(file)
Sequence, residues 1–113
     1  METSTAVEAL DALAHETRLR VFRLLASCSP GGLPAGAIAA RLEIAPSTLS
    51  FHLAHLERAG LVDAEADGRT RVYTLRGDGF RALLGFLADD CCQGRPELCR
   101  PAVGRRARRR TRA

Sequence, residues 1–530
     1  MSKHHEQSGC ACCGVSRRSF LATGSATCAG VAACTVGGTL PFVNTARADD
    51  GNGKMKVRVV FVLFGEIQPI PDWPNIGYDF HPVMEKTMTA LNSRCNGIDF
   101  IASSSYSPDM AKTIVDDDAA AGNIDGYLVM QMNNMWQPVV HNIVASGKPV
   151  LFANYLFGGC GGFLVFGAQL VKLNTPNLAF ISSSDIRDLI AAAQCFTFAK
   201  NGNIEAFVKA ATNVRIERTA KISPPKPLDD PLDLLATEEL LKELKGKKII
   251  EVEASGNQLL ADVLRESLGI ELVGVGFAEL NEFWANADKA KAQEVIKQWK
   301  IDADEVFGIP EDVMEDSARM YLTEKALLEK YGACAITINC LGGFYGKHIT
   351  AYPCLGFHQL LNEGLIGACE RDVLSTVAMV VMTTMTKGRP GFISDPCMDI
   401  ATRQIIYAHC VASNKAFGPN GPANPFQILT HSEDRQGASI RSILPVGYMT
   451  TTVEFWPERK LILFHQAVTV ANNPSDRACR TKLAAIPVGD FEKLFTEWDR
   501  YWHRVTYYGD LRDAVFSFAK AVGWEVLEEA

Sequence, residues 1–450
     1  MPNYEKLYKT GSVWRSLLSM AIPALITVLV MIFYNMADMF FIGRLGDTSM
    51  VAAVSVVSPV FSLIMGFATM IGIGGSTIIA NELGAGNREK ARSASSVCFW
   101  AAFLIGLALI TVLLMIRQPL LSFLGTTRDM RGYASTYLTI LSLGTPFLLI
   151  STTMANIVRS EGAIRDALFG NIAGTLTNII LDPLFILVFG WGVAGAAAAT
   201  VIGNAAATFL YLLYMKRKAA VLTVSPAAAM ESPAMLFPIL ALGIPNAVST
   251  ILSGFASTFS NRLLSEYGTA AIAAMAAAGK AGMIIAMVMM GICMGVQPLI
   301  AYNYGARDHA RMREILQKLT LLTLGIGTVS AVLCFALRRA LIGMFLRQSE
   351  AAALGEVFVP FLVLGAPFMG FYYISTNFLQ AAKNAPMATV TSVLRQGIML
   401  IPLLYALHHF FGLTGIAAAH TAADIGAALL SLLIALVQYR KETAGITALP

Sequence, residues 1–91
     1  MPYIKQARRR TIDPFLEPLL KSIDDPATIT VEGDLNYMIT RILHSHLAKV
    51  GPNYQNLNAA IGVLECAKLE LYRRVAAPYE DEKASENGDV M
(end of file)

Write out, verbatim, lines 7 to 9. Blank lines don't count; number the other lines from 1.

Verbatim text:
    51  GNGKMKVRVV FVLFGEIQPI PDWPNIGYDF HPVMEKTMTA LNSRCNGIDF
   101  IASSSYSPDM AKTIVDDDAA AGNIDGYLVM QMNNMWQPVV HNIVASGKPV
   151  LFANYLFGGC GGFLVFGAQL VKLNTPNLAF ISSSDIRDLI AAAQCFTFAK